No two SREs or SRE teams are the same; the role encompasses a variety of skills and responsibilities. Google's SRE team may have written a book on site reliability engineering, but each company has its own unique needs. The role's importance needs to be communicated throughout the organization, not just in engineering and operations. Less than 50% of SREs feel their role is well communicated within engineering, and that number drops to 44% when the larger organization is considered. This leads to SREs feeling undervalued and not respected.

Smaller organizations may require SREs to take on additional responsibilities that fall to other departments in larger organizations, while SREs at larger organizations are more likely to contribute to the product roadmap and develop new product features.

Be upfront about the pace of work. Most SREs work at organizations that do multiple code deployments every day. This fast pace does not mean that technical documentation and maintenance of operational runbooks can be overlooked. SREs need to take the time to document processes as they go, which requires strong written communication skills.

Whether you require SREs to build their own tools or you provide a toolbox of open source and commercial solutions depends on the size of your company. Smaller organizations often focus more on open-source and vendor solutions, while many larger enterprises build tools internally to meet their needs.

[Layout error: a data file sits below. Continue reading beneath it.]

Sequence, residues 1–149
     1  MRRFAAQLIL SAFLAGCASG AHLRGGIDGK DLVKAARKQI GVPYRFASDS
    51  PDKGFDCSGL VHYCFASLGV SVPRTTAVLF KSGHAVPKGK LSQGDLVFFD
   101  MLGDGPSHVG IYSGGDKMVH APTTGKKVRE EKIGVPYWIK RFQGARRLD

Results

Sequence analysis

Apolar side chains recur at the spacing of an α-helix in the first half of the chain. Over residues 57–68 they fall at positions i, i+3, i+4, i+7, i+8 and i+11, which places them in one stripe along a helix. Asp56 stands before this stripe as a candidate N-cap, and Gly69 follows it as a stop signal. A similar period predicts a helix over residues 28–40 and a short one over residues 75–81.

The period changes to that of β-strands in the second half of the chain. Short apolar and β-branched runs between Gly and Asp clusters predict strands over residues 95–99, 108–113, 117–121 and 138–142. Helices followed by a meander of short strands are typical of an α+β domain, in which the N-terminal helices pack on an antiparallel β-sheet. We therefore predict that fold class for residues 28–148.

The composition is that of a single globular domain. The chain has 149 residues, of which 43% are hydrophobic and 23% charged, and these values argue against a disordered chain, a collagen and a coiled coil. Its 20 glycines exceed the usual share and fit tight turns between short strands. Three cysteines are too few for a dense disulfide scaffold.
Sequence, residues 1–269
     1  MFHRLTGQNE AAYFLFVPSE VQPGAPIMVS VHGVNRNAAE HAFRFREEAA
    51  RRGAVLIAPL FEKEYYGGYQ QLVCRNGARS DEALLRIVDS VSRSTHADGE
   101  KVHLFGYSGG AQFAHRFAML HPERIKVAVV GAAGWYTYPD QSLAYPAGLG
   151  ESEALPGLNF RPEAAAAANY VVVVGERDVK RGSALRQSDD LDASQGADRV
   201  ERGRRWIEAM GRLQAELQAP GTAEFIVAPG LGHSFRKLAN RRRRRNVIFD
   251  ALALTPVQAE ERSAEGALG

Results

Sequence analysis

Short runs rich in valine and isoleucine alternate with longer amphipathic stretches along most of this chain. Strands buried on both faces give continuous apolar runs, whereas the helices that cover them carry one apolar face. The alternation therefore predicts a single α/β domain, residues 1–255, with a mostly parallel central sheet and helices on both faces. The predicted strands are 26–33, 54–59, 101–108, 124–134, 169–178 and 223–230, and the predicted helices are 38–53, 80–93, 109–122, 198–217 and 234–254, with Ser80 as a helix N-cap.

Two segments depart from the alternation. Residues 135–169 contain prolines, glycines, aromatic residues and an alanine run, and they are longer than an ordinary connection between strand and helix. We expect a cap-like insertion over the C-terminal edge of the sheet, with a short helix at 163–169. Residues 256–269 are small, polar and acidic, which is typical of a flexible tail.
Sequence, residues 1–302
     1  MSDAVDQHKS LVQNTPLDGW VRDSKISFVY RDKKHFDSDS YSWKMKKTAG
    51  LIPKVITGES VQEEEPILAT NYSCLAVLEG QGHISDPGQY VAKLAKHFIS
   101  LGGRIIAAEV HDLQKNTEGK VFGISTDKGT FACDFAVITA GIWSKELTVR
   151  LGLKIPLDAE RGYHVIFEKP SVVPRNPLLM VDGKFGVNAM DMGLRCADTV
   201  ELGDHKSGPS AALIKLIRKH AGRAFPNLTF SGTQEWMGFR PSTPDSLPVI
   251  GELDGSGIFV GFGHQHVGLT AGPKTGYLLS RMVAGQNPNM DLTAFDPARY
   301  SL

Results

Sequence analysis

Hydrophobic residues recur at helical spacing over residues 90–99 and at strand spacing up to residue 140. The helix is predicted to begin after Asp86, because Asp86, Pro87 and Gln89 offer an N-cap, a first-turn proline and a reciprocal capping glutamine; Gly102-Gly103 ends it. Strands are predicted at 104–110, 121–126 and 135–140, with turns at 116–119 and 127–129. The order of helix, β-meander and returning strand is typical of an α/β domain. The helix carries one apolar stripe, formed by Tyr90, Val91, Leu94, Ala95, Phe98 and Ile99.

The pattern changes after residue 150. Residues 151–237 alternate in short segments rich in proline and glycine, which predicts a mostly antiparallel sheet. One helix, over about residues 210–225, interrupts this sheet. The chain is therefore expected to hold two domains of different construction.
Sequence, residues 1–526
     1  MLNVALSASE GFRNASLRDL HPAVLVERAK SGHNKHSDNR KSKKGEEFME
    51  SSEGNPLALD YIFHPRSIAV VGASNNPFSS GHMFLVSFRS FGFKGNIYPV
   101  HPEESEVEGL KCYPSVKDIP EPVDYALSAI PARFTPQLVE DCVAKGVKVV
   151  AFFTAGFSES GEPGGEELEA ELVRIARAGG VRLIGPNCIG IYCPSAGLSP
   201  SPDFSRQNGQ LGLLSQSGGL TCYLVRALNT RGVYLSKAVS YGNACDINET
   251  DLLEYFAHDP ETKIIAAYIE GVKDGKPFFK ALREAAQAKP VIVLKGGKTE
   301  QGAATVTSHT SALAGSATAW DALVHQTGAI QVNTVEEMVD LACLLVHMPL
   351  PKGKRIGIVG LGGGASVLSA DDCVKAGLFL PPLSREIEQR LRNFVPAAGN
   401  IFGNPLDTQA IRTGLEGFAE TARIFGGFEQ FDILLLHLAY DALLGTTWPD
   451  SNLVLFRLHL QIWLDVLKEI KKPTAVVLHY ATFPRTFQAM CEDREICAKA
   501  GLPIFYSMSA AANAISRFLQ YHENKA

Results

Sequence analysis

SRE != DevOps

Building an SRE team does not automatically make you DevOps. DevOps is about more than toolsets or employee titles. Site reliability engineers work on automating and increasing the reliability of supported services, which is one way to employ DevOps. DevOps refers more to the culture of an organization and the processes used. Gene Kim defines the DevOps way as including the processes of flow, feedback, and continuous improvement and learning. Even if you are automating and measuring tasks and sharing the information, if the culture does not include collecting feedback and learning, it is not DevOps. The SRE role should not be seen as a cure for broken culture; the culture must be fixed first.

Based on the findings of the SRE survey, here are some key elements to include in the SRE job description, regardless of the size of your organization:


  • Bachelor's degree
  • 2+ years in operations or software engineering role
  • Excellent verbal and written communication skills
  • Strong problem-solving skills
  • Passion for technology as well as helping customers and team members

Required skills:

  • Expertise with cloud-continuous deployment based software development lifecycles
  • Mastery of infrastructure automation technologies
  • Eagerness to learn

Get the full survey results.

User profile image.
Dawn Parzych (@dparzych) is a Manager, Developer Marketing at LaunchDarkly where she uses her storytelling prowess to write and speak about the intersection of technology and psychology. She enjoys helping people be more successful at work and at life. She makes technical information accessible avoiding buzzwords and jargon whenever possible.

Comments are closed.

Creative Commons LicenseThis work is licensed under a Creative Commons Attribution-Share Alike 4.0 International License.

Download the Open Organization Guide to IT Culture Change

Open principles and practices for delivering unparalleled business value.